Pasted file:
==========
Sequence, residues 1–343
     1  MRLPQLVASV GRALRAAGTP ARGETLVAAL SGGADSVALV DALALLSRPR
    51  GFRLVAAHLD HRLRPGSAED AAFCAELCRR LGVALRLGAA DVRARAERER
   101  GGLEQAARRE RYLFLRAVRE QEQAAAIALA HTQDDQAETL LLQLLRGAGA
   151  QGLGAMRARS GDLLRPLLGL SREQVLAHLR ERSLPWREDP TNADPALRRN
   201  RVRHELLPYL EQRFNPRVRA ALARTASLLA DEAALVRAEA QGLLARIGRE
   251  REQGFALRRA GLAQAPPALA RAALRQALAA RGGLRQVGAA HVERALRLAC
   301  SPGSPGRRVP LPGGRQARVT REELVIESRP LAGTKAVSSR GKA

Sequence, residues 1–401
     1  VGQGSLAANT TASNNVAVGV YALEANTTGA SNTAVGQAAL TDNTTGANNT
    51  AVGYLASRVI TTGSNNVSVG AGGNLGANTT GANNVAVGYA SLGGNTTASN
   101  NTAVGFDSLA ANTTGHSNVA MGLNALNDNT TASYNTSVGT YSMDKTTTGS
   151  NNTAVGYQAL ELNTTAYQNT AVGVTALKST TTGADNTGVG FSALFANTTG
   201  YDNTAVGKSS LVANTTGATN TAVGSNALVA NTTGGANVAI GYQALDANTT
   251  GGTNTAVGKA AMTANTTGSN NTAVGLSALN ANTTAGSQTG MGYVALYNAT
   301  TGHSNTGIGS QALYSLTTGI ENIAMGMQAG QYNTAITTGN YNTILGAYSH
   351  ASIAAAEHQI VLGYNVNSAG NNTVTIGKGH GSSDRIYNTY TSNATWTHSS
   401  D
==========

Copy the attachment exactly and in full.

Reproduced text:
Sequence, residues 1–343
     1  MRLPQLVASV GRALRAAGTP ARGETLVAAL SGGADSVALV DALALLSRPR
    51  GFRLVAAHLD HRLRPGSAED AAFCAELCRR LGVALRLGAA DVRARAERER
   101  GGLEQAARRE RYLFLRAVRE QEQAAAIALA HTQDDQAETL LLQLLRGAGA
   151  QGLGAMRARS GDLLRPLLGL SREQVLAHLR ERSLPWREDP TNADPALRRN
   201  RVRHELLPYL EQRFNPRVRA ALARTASLLA DEAALVRAEA QGLLARIGRE
   251  REQGFALRRA GLAQAPPALA RAALRQALAA RGGLRQVGAA HVERALRLAC
   301  SPGSPGRRVP LPGGRQARVT REELVIESRP LAGTKAVSSR GKA

Sequence, residues 1–401
     1  VGQGSLAANT TASNNVAVGV YALEANTTGA SNTAVGQAAL TDNTTGANNT
    51  AVGYLASRVI TTGSNNVSVG AGGNLGANTT GANNVAVGYA SLGGNTTASN
   101  NTAVGFDSLA ANTTGHSNVA MGLNALNDNT TASYNTSVGT YSMDKTTTGS
   151  NNTAVGYQAL ELNTTAYQNT AVGVTALKST TTGADNTGVG FSALFANTTG
   201  YDNTAVGKSS LVANTTGATN TAVGSNALVA NTTGGANVAI GYQALDANTT
   251  GGTNTAVGKA AMTANTTGSN NTAVGLSALN ANTTAGSQTG MGYVALYNAT
   301  TGHSNTGIGS QALYSLTTGI ENIAMGMQAG QYNTAITTGN YNTILGAYSH
   351  ASIAAAEHQI VLGYNVNSAG NNTVTIGKGH GSSDRIYNTY TSNATWTHSS
   401  D